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Sunday, 24 February 2013

A Right to Be Clean: Sanitation and the Rise of New York City’s Water Towers

30th Street, between 7th and 8th, 2012.
During the morning rush hour in New York City, tourists stand out as being the ones looking up. It’s possible that they see more clearly what most New Yorkers take for granted: water towers. Those archaic looking wooden structures that grace the rooftops of almost every New York City building play an integral, though often overlooked, part of watering this urban center.

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Monday, 18 February 2013

Raydon gets a new Roof !

The water tower at Raydon, Suffolk, recently received a new 2.7 tonne, aluminium roof, as part of an £800,000 refurbishment. The refreshing aspect of this refurbishment, is that on completion, it will return to use as elevated storage for potable water!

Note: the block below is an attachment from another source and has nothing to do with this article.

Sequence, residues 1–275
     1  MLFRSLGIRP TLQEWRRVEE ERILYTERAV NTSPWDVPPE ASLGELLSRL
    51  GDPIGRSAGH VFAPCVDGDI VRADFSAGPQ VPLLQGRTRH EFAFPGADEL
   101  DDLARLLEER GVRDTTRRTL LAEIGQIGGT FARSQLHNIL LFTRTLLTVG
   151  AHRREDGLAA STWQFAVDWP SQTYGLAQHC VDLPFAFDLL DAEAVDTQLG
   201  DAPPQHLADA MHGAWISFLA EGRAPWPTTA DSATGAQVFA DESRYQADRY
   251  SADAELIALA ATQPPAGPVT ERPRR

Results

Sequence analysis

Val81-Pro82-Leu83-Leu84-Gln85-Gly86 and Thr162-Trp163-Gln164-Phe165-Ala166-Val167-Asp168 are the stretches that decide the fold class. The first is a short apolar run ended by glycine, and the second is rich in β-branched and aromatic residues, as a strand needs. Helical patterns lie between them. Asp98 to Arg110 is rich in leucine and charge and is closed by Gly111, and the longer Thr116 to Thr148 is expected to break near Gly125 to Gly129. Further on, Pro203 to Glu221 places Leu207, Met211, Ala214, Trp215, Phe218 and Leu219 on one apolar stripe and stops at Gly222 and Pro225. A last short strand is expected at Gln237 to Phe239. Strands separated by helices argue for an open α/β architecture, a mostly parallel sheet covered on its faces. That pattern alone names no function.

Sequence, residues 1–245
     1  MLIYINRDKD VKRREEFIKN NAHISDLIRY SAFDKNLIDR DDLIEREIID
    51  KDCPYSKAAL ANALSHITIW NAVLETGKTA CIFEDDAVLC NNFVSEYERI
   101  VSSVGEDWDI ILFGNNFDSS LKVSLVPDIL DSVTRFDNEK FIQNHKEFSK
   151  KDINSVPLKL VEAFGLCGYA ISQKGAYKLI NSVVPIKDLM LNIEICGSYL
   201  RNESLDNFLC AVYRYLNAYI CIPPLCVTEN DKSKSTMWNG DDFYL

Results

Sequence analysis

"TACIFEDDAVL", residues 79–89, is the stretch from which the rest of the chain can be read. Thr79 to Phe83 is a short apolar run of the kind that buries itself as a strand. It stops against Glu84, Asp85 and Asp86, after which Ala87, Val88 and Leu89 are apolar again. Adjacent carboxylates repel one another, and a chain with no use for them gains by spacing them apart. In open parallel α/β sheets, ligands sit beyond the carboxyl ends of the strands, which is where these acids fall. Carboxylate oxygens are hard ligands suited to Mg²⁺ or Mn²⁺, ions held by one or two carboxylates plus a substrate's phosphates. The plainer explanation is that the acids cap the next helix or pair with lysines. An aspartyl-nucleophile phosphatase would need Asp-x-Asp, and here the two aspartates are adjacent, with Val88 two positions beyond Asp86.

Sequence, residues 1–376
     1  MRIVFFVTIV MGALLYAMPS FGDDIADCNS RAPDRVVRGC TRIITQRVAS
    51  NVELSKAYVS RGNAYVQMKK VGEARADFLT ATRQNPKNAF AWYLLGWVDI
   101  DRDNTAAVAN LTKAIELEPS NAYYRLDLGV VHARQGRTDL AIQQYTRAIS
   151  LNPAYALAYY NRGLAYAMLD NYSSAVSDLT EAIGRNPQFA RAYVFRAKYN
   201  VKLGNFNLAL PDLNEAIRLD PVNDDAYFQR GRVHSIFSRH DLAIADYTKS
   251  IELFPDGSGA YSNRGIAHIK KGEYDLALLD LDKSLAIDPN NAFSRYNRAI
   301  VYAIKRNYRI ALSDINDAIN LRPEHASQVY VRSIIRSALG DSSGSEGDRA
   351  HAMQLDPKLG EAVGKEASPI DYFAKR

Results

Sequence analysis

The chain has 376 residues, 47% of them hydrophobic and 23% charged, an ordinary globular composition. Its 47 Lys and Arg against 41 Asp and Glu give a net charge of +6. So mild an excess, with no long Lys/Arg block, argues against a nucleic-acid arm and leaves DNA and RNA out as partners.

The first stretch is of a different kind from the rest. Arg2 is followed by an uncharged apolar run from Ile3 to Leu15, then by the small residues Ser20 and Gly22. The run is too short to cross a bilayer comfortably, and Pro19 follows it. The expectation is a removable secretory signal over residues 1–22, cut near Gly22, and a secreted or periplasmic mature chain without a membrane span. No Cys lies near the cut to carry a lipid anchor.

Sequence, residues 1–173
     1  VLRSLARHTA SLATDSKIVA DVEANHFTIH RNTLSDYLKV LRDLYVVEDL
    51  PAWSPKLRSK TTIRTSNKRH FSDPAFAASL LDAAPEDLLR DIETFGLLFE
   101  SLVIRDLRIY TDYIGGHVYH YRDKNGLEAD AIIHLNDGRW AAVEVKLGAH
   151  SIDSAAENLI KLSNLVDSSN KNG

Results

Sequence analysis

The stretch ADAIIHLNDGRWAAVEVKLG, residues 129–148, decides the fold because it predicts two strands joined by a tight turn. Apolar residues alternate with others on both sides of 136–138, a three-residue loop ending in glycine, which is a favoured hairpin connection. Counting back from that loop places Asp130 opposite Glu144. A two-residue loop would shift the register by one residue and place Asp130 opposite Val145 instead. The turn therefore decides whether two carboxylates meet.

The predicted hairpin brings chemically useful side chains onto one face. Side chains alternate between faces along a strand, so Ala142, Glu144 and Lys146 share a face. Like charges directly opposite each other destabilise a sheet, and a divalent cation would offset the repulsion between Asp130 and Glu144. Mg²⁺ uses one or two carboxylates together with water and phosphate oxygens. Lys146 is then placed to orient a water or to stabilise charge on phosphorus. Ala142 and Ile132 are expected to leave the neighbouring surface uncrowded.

The 1954 reinforced concrete water tower, built by the then Samford District Council, had a steel roof that was no longer watertight. It is vital that the treated water stored inside the tower is protected from any possible contamination. It was decided that the best way to ensure this, was to replace the roof entirely and refurbish the whole tower at the same time. The 300,000 gallon steel tank within the concrete structure, also required its inside coating stripping off by shot-blasting and re-coating, prior to the new roof being fitted last Thursday.

The 50 foot diameter roof arrived as a kit – like a giant flat pack. Anglian Water’s contractors, @one Alliance, put it together in the carpark of the nearby golf course before hoisting it into position with a crane.

The tower, which serves 17,000 people in and around Raydon and Alton, has been out of use for about a year since it was found the old roof was deteriorating. The tower at O.S. Grid Ref. TM 04745 38111 provides storage to balance flows from the treatment works and security in the event of a failure as well as maintaining constant pressure.

Images and information kindly supplied by Anglian Water.